Dunn, who has hit 40-plus homers in five consecutive seasons, is trying to convince the Cubs to sign him for the right-field vacancy, instead of the equally defensively challenged Bradley. Dunn's high strikeout totals and career .247 batting average argue against him being the guy to break up the right-handed bats in the middle of the Cubs' lineup.
There are very few big-league lineups that wouldn't be improved with the addition of 40 home runs and a .380 on-base percentage, and the Cubs are no exception. And yet, for whatever reason, sportswriters (and team announcers) can't talk about Dunn without getting stuck on strikeouts and batting average.
It's short-sighted and not just a little ignorant: if you hit the ball a mile and get on base at an above-average clip, who cares how you make your outs the rest of the time? You're either driving in runs or creating opportunities for other players to do the same. But I digress -- this argument has been made dozens thousands of times.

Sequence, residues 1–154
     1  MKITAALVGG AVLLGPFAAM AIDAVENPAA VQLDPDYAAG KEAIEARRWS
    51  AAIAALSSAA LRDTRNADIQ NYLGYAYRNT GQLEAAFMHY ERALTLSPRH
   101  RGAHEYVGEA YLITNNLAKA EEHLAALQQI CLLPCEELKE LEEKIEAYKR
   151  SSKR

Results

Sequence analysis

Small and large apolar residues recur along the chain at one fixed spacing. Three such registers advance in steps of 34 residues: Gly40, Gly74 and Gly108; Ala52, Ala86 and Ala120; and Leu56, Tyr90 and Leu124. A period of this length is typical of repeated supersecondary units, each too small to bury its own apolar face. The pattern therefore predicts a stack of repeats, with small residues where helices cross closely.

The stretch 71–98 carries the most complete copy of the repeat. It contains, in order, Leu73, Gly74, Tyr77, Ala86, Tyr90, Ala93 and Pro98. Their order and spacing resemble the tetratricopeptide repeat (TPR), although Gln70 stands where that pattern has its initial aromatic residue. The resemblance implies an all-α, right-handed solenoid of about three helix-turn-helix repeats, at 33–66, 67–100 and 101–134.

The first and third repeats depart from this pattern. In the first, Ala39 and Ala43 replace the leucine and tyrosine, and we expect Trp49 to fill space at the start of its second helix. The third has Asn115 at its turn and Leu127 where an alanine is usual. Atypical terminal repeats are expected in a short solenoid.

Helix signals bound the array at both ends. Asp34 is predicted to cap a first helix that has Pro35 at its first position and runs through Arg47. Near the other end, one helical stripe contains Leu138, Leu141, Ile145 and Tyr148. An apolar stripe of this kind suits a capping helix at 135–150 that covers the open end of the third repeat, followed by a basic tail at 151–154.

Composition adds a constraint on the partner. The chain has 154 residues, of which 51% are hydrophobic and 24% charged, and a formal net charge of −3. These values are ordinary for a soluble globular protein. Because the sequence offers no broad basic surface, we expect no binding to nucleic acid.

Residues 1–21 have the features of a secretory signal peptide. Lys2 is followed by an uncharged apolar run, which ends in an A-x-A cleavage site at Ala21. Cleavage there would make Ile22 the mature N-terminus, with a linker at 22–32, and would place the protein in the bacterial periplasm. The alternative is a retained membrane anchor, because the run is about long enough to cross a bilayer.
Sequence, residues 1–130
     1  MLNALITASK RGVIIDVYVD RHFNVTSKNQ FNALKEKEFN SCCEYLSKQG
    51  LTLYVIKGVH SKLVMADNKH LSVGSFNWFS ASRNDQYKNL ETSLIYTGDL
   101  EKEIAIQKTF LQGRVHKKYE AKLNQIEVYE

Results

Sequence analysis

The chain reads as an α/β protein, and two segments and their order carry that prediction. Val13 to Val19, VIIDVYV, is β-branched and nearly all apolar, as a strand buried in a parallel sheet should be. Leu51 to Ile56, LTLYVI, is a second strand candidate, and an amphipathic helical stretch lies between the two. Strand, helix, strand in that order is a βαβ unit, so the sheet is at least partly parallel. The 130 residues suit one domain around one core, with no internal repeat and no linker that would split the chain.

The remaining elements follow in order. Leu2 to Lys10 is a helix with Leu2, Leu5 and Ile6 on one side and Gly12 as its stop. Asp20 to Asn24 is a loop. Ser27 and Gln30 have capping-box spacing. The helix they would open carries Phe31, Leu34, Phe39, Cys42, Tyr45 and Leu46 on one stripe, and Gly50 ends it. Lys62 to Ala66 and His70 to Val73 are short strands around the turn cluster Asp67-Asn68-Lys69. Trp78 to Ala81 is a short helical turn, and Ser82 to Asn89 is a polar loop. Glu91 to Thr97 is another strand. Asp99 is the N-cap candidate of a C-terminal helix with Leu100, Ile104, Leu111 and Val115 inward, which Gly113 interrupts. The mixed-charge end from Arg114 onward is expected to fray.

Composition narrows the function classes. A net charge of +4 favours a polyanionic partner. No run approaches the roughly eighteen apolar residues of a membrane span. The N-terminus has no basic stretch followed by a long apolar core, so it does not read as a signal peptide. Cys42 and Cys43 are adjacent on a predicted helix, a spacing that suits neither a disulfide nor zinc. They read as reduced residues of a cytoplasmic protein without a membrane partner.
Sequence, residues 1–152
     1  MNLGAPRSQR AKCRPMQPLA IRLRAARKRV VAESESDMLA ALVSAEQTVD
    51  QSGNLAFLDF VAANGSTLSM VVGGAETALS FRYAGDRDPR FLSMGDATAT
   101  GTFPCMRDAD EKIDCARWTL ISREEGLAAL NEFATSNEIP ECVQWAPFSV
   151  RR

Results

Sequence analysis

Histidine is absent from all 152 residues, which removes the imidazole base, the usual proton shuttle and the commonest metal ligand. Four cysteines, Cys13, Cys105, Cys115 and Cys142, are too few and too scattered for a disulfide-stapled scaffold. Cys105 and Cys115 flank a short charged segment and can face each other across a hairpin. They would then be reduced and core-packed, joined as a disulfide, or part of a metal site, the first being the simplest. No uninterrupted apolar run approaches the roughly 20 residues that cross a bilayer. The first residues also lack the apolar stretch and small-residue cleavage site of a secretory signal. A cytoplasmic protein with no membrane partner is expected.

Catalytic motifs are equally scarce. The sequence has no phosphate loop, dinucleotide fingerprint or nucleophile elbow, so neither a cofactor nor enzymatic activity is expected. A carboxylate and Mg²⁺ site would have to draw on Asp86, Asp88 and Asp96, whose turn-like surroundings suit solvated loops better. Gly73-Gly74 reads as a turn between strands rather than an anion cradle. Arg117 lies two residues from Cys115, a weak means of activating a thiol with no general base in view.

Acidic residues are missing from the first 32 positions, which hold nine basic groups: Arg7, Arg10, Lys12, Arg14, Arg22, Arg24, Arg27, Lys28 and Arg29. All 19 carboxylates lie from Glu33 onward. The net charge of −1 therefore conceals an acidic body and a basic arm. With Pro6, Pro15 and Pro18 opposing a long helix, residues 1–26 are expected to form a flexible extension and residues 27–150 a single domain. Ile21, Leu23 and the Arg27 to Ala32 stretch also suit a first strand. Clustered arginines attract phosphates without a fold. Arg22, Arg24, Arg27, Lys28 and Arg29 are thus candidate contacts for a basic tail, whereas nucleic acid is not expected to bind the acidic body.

If the Cubs need help warming up to Dunn, here are some other numbers to chew on: .286 /.419/.664. That's Dunn's AVG/OBP/SLG in 60 career games at Wrigley Field, where he's been an absolute monster with 23 home runs in just 267 at-bats.
If the Cubs want him, they better act quick; with Mark Teixeira off the market and Manny Ramirez priced out of many team's budgets, Dunn is turning into a hot commodity. ESPN's Jayson Stark reports that the Dodgers have made him a priority, and the Nationals, Mariners and Orioles have expressed interest, as well. Don't be surprised if he's the next free agent to be plucked off the market.